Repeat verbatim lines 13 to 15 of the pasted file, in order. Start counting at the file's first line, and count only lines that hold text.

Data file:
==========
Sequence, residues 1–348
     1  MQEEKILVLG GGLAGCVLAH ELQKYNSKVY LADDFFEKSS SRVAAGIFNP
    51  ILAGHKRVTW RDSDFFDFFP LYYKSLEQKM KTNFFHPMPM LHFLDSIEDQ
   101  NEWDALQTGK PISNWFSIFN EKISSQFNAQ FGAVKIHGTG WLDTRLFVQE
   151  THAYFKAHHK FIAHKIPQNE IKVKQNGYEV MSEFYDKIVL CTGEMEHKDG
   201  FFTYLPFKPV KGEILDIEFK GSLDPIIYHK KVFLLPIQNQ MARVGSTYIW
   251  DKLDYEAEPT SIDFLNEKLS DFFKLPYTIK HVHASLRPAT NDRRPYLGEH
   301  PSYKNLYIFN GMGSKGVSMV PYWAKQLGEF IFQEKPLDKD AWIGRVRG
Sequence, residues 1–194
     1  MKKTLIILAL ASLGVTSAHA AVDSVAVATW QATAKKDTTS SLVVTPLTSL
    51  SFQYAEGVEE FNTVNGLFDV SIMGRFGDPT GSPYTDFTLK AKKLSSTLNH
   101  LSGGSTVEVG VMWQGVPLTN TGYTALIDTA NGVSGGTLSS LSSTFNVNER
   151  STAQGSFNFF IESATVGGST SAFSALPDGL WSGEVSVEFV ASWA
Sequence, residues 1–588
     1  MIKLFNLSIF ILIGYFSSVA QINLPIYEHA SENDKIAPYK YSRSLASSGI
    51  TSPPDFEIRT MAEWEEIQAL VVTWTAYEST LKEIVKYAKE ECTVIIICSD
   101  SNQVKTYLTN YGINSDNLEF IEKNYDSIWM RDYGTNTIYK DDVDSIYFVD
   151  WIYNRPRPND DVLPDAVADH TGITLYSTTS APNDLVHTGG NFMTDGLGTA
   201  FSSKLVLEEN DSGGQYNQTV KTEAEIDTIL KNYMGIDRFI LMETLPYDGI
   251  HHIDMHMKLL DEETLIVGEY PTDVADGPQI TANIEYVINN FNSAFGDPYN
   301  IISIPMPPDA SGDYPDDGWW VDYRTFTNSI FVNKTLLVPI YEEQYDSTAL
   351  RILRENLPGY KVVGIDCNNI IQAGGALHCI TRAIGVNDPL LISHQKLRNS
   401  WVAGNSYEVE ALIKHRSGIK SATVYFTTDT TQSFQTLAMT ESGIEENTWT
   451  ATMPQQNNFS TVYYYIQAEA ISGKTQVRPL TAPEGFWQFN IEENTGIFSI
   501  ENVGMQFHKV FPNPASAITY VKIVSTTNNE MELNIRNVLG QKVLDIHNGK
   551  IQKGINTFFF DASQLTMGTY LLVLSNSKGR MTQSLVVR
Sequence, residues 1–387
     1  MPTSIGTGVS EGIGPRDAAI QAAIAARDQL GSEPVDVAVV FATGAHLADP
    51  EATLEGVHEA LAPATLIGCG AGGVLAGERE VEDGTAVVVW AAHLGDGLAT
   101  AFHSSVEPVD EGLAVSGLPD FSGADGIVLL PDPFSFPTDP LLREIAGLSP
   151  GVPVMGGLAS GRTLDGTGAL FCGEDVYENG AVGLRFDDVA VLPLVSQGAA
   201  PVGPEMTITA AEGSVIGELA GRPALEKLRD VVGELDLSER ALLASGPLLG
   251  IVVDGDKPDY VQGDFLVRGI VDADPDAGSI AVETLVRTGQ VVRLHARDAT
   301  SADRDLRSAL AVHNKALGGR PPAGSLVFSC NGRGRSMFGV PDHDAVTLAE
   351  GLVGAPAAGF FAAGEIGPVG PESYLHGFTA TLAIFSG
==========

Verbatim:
   151  STAQGSFNFF IESATVGGST SAFSALPDGL WSGEVSVEFV ASWA
Sequence, residues 1–588
     1  MIKLFNLSIF ILIGYFSSVA QINLPIYEHA SENDKIAPYK YSRSLASSGI